Championing patients with multiple sclerosis is not just a job for Leanne Walters – it means so much more to her than that.
Leanne is just the second Advanced MS Champion to be appointed in the UK and the only one in Wales.
It’s the next stage of a career spanning 18 years, and involves her working closely with people with MS – a progressive neurological disorder of the brain and spinal cord.
Her role ranges from visiting them on the wards to carrying out their annual reviews and meeting whatever needs they may have.
And Leanne is giving it her all, because she understands what people with MS are going through.
“I feel I’m a good person to represent them.
“I don’t just sympathise with them, I can empathise with them and give them advice personally,” said Leanne, who is based at Morriston Hospital.
“That’s because I’ve had a chronic ill-health condition, type one brittle control diabetes, for the last 29 years. I know how it feels to be good one day, and then the next day not so good.
“I also suffered a heart attack two years ago. I was bedridden for a while and really struggled with daily tasks and mobility.
“The mental health side of it kicks in when you experience something as traumatic as that.
“That’s why I feel I can represent these people like a true champion should, to give them hope that there is a life out there even with a chronic condition, and help them in any way I can.”
Leanne joined the NHS in 2001 as a physiotherapy assistant and technical instructor with Hywel Dda University Health Board.
She then studied for a physiotherapy degree in Cardiff University, graduating in 2009.
Leanne returned to Hywel Dda for a year before starting work in the Neath Port Talbot area as a physiotherapist with the palliative care and continuing healthcare teams.
After that she joined the community reablement team, and operationally managed a residential reablement unit in Plas Bryn Rhosyn, Neath.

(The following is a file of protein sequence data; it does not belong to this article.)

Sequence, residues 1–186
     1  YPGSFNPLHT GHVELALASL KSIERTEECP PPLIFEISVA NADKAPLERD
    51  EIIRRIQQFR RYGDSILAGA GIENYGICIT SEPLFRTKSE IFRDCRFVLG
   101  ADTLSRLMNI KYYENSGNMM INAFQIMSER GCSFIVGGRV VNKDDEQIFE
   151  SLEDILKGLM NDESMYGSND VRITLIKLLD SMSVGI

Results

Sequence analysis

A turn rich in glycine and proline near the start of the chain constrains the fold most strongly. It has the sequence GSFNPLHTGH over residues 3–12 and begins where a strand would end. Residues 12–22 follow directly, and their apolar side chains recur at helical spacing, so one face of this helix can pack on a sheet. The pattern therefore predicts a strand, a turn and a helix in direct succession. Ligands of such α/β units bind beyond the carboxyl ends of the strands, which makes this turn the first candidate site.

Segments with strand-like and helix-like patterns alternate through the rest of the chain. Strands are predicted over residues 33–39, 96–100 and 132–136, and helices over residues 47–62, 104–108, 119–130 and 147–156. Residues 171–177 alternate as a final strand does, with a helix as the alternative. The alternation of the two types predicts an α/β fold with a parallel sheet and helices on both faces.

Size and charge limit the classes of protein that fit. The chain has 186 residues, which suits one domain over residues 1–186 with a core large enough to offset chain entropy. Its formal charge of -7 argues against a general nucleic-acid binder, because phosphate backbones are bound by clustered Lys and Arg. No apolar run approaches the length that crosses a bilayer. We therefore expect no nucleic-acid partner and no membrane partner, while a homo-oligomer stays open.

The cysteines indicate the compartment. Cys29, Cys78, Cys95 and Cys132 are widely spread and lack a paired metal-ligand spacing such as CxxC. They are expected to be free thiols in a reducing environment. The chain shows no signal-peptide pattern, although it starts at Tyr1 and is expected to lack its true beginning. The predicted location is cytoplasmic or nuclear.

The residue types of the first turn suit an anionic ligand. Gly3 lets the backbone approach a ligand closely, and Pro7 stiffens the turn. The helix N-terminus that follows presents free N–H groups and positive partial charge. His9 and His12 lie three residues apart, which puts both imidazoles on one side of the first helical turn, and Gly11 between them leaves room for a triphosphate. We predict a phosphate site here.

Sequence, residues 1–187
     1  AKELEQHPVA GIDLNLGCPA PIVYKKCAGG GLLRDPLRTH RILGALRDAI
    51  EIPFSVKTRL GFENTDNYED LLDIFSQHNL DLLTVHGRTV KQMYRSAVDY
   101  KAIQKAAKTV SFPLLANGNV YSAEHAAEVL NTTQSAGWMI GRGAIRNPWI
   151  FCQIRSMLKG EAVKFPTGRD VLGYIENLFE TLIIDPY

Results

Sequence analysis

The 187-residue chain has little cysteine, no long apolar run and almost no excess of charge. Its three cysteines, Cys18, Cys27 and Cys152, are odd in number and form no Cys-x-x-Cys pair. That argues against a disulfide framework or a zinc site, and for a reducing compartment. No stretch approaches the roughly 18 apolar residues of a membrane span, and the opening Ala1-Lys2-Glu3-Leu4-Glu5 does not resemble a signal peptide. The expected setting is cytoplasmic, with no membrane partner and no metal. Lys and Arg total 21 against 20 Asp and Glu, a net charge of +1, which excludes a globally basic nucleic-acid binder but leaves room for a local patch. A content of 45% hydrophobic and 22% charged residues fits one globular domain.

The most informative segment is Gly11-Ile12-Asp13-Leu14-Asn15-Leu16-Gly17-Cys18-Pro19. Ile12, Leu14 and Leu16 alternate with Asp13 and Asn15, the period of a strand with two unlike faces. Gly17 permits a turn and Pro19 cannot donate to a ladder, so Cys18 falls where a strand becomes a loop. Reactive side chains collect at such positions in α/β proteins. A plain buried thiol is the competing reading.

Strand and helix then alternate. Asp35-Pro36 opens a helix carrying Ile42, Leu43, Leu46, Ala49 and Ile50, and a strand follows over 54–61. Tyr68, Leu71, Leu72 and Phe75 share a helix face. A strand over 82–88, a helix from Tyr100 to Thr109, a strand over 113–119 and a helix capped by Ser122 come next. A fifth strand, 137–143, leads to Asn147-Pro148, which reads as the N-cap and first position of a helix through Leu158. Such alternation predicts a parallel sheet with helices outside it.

Over the years Leanne has worked with colleagues in the health board, council and third sector, as well as with families.
Now she is bringing all her skills, experience and contacts to her role of Advanced MS Champion.
This is based with the neuro-inflammatory team at Morriston Hospital, which looks after around 1,900 patients in the Swansea Bay and Hywel Dda areas.
“There are disease modifying therapies available for many MS patients, and that involves a lot of monitoring by the team.
“Also, if any patients become acutely unwell with a relapse, then the team has to manage their symptoms,” said Leanne.
“This can mean people with advanced MS missing their annual review, which in turn could lead to hospital admission.”
Part of Leanne’s work involves making sure these reviews are done, then using them to identify what she may be able to do to help.
“If a patient is acutely unwell in the community, I can liaise with community services, work with social workers on care packages, educate carers and refer for equipment.
“This can prevent hospital admission in the first place.
“If we have MS patients in hospital, the ward can contact me and I will go to see the patient to find out if I can help get them discharged more quickly.”
Her role of Advanced MS Champion is 90 per cent funded by the Multiple Sclerosis Trust, with the rest by Swansea Bay University Health Board. Leanne is one of just six champions working in the UK.
Last autumn she hosted a visit by MS Trust Chief Executive David Martin, who “shadowed” her for a day.
“It’s an exciting post, everything I hoped it would be,” said Leanne.
“It’s full of variety. I go to clinics with the consultants, I’m out and about in the community and I’m on the wards seeing patients.
“I coordinate the various referrals and work closely with the inpatient and community teams. So I’m the constant for the patients, providing a seamless service.
“I love being able to make a real difference to their lives.”
Leanne is pictured with one of her MS patients, Brian Riddell and MS Trust CEO David Martin (right). Also in the photo is Jodie Riddell, a pupil at Llangatwg Community School, who organised a fundraising Halloween cuppa and cake fete.
Morriston Hospital consultant neurologist Owen Pearson said the rapid development of disease modifying treatments meant teams around the UK concentrated on early MS.
“This early disease focus has meant that individuals with more advanced MS have received care that is not as good as we would wish,” added Dr Pearson, clinical lead for MS.
“The Advanced MS Champion is a role that is seeking to re-balance this inequity.
“Leanne’s role aims to be both proactive in reducing complications and admissions, and reactive in responding quickly to improve discharge.
“As only the second Advanced MS Champion in the UK, we are excited to see her enthusiasm for improving care to patients with complex disability.”